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Friday, 05 December 2008 05:00

Returns Management | Managing Product Returns

Written by

twice_logo

Originally published in Twice Magazine

Returns Management - Creating the Best Experience While Managing Costs

Most dealers view the customer with a return as a "problem customer" and not a "customer with a problem." Any product purchased by a consumer and returned (for any reason) costs everyone involved, including the customer, time and money —a lot of money. Effective returns management benefits consumers, retailers, and manufacturers alike.

Returns Management - Why Are Products Returned?

The problem lies not only in that it costs a lot to process returned products, but in the fact that the product was returned at all. It's been proven that the vast majority of all returns have absolutely nothing technically wrong with them. So why are they returned?
Retailers and manufacturers are jointly responsible for the consumer experience regarding the products they offer, yet rarely do they effectively work together to address the solutions to the consumers' problems that are causing returns.

Returns Management - Reducing Returns By Studying its Causes

The goal of improved returns management should be to develop a strategy to reduce returns that addresses:

  • what customers should do when they have a problem;
  • determining what caused the real or perceived problem; and     
  • implementing effective measures to prevent the problem from occurring again.

Returns Management -Keeping the Customer Happy

Here are a few suggestions on how to keep the consumer happy and the product sold:

  • Clearly identify what it is you want the consumer to do when they have a question or a problem. Make sure that the product, the information on and in the box, and the salesperson (if there is one) clearly communicate this. And make sure that when the consumer is instructed to do something, like contact a call center, that this is the most efficient way to resolve the problem.
  • Determine how you will capture and communicate usability issues that consumers are experiencing. How are these findings communicated throughout the organization’s returns management process? How will they be addressed in future product development, packaging, in-store displays and retail sales product training? Do you have a plan? If not, only sales will decrease, not returns.
  • Verify on a frequent basis that the instructions in and on the box and Web site contain up-to-date information. Do you have a stop sheet and a quick-start guide? Are they lost within the instruction package or are they attached to the product so that they cannot be missed?

Returns Management - Effectively Communicating With Consumers

Ask these questions:
Are instructions written at or below a sixth-grade level?
Does your Web site guide the consumer with a problem to easily find the solution?
Are the FAQs updated to reflect the changes in consumer questions throughout the life cycle of the product?

Returns Management - Training Retailers

Create and implement training with retailers for sales and service/return counter associates. Training must include not only the features and benefits of the product but also issues the average consumer may experience in learning how to operate the device. Utilize the consumer information obtained by the call center and Web site to update returns management training on an ongoing basis.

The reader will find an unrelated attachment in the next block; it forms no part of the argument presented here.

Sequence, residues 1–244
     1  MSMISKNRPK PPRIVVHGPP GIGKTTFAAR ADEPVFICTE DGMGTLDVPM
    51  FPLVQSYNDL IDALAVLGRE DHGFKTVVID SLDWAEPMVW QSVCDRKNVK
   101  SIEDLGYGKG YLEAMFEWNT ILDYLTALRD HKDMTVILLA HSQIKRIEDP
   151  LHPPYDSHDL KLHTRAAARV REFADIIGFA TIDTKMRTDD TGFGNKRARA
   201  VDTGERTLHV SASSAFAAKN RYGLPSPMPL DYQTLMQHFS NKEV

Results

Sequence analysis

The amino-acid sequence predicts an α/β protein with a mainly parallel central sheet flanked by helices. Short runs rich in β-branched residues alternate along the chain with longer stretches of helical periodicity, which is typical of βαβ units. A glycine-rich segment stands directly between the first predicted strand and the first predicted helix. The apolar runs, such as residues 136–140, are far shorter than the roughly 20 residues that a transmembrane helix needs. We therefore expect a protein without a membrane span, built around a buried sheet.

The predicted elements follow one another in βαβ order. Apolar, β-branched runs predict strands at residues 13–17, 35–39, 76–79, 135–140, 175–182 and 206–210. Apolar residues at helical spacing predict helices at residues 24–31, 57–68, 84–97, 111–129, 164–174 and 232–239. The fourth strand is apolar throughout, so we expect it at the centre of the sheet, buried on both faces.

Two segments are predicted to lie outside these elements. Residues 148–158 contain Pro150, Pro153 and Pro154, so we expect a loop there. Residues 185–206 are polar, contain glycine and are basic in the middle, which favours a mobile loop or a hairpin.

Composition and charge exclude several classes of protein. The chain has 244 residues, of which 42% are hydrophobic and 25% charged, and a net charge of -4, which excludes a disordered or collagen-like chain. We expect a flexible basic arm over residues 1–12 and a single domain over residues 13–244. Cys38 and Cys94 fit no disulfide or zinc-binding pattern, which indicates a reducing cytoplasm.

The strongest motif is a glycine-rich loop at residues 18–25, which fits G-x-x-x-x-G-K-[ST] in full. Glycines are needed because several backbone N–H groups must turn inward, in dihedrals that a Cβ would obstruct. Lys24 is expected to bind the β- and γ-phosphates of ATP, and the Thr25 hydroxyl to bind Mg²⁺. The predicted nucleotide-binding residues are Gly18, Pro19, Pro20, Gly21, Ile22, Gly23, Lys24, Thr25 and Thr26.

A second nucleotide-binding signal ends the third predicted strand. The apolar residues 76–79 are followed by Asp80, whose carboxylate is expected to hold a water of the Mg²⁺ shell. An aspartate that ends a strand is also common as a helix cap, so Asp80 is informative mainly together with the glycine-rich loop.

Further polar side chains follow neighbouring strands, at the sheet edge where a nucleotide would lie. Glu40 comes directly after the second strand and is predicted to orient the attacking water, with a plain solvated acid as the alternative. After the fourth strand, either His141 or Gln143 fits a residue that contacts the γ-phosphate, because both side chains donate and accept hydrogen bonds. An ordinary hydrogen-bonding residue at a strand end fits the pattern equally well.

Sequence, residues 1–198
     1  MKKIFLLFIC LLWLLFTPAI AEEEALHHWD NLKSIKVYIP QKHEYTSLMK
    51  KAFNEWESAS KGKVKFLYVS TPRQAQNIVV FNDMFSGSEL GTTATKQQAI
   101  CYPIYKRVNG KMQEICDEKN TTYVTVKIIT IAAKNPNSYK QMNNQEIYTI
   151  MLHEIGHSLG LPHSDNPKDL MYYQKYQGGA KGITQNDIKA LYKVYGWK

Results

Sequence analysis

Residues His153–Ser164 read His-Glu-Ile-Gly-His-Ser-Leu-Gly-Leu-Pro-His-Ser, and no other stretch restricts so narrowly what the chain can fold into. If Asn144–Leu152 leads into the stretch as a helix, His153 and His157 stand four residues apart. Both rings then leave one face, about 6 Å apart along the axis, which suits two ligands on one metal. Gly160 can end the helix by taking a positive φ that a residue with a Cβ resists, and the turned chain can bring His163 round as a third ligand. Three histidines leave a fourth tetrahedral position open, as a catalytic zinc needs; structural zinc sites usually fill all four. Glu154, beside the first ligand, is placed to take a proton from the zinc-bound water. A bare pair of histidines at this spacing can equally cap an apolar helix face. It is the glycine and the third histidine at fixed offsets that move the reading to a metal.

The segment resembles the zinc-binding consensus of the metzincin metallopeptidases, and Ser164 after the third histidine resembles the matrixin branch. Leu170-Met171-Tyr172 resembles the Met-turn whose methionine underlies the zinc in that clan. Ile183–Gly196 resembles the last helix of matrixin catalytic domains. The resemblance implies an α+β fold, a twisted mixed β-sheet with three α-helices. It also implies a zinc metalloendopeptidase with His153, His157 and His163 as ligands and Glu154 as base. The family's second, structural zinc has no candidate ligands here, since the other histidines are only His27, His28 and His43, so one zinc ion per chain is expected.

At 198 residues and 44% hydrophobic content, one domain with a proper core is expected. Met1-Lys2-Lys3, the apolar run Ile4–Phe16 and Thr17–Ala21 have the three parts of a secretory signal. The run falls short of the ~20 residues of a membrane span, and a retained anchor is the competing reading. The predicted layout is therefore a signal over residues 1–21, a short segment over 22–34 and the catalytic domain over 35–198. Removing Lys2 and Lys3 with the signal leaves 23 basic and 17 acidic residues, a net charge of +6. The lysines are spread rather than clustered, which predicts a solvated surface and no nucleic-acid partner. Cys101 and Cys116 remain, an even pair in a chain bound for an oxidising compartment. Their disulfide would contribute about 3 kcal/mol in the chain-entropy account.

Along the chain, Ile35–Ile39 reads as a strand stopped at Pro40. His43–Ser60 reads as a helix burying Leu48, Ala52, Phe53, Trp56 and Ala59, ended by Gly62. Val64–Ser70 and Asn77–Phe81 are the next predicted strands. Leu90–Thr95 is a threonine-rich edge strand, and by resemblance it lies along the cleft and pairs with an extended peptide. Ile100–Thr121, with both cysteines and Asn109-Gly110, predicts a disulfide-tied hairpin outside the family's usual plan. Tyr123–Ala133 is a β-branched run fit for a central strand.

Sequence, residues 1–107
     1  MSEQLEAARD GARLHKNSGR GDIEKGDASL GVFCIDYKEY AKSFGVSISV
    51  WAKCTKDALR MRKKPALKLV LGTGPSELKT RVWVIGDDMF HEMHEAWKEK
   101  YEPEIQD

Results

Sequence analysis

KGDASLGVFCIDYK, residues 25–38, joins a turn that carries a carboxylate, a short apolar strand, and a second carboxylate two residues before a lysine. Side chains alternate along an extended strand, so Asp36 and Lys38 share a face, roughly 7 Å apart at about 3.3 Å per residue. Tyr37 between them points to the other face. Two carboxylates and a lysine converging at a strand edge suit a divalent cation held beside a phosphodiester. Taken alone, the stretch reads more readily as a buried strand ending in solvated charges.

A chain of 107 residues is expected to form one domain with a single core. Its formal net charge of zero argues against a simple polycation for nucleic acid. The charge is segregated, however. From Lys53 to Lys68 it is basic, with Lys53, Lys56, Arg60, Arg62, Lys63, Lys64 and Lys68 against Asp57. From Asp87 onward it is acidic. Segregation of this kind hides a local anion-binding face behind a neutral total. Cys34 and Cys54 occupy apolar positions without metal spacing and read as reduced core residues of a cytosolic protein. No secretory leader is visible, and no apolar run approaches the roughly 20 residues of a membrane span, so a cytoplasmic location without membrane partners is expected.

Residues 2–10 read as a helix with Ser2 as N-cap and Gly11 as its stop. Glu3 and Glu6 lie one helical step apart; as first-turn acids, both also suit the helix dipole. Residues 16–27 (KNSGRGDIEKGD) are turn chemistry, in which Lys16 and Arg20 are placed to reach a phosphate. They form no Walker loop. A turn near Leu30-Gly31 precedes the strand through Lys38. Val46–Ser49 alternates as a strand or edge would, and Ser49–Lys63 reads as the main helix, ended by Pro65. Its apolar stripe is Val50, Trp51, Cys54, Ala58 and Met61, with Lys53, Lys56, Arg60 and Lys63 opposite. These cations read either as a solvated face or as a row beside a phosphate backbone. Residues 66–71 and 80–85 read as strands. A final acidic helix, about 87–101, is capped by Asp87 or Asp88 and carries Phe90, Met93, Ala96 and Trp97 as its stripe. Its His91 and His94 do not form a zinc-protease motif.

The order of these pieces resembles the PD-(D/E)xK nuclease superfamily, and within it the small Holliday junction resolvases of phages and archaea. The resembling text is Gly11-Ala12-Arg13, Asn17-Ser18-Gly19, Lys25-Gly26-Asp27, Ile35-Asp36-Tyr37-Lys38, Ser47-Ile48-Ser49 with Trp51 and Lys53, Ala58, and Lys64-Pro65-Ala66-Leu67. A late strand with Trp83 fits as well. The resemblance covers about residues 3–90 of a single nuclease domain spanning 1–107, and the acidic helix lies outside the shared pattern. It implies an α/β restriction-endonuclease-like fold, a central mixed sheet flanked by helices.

We all know that most products are returned because "they didn't perform as expected." There was a breakdown somewhere along the product development and sales life cycle. Effective returns management ensures that it happens less often in the future than it has in the past. This will only occur through better cooperation and communication of the issues between retailers and manufacturers.

Twice

Originally published in Twice Magazine

Reality check: Gas is up, sales are down and things may not improve any time soon. So how do you survive the slump? Here is a four-point action plan that can help you weather the storm.

First: Recognize the opportunities that do exist. Have you noticed that as the price of gas increases, so do the number of phone calls to the store? At times like this, more people turn to the telephone to check in-stocks and ask questions. It's the perfect time to train and retrain your people on how to sell over the phone. Good sales people should recognize the telephone as an "opportunity" rather than an "annoyance." Are your people prompt in answering it? Do they qualify the customer's needs as they would in the store? Do they invite the customer to visit the store, or even set up an appointment?

Thursday, 01 May 2008 05:00

Minding Your Business - Responding to Customers

Written by

Vision Magazine

Originally published in Vision Consumer Electronics Magazine

 

“SORRY – OUR PRODUCTS ARE SOOOOOOO BAD WE ARE TOO BUSY TO HELP YOU NOW”

Is that the impression the consumer gets when they call your customer service number?

If it is, you need to review how much was budgeted for product returns.  You did plan (remember You Gotta Have A Plan!) for the amount of product that will be returned and budget for the impact on sales, expense and cash flow didn’t you?

A recent survey of consumers showed that more than 70% of them regard a toll free Call Center to be very or extremely important when they have a question or a problem. Only 5% considered a web site as an important source that they would use to find answers to their questions.

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